By La Prensa Staff
Some 2 decades Theresa Morris was a vital part of the administration, assisting Rep. Marcy Kaptur in District 9 [at times, included both Toledo and Cleveland]. Recently, Ms. Morris decided to serve the citizens of Toledo.
Theresa Morris has only been serving as a Toledo City Council member for a little over a year, but her past political and legislative experience has quickly elevated her to a leadership position among her city council colleagues.
During Toledo City Council’s annual organizational meeting last January, council members elected Morris to be council president pro tem, which is essentially city council vice president.
She presides over city council meetings in the absence of City Council President Matt Cherry and signs legislation into law when he’s unable to attend.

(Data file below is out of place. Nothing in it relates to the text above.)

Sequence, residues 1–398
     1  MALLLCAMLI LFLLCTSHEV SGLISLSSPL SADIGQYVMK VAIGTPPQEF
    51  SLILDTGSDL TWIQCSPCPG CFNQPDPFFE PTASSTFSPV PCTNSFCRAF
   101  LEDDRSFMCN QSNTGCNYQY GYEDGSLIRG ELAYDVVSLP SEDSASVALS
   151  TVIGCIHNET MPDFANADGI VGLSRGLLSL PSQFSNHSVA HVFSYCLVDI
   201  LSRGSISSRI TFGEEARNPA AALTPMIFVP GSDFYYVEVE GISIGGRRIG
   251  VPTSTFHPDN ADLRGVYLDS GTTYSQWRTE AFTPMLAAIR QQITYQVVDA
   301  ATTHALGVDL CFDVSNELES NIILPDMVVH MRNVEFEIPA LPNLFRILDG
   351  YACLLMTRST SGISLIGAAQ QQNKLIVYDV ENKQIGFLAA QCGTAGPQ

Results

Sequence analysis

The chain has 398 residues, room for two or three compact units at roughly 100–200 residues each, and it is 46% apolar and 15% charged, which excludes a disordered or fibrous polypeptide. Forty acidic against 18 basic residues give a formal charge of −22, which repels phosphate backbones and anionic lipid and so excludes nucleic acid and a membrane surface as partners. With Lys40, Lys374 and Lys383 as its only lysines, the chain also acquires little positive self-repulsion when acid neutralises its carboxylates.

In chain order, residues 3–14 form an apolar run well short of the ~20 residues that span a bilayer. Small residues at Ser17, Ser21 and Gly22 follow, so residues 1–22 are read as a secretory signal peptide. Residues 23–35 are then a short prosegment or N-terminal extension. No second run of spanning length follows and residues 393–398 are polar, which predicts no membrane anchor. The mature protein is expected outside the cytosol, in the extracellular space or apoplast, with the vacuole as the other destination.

“It’s nice that my colleagues had the confidence in me to help to guide things up on the 21st floor (of One Government Center where city council has its offices),” she said. “That’s pretty neat, to feel you’re part of the history of Toledo.”
Morris becomes the first Latina to hold a leadership role on Toledo City Council. The first Latino was the late Louis Escobar, who served several years as city council president.
Morris also chairs the city council committee on regional growth, development, and small business enterprise. That committee holds oversight of the city departments of economic development, real estate, and building and code compliance.
“It’s a big job and so far we have passed the community entertainment districts, which expanded liquor permits in the downtown and east side areas,” she said. “We had the entertainment districts before, but then we grew. The growth of downtown has just been exponential and so, at some point, we needed to expand these. This is how you serve your community. You try to make it better.”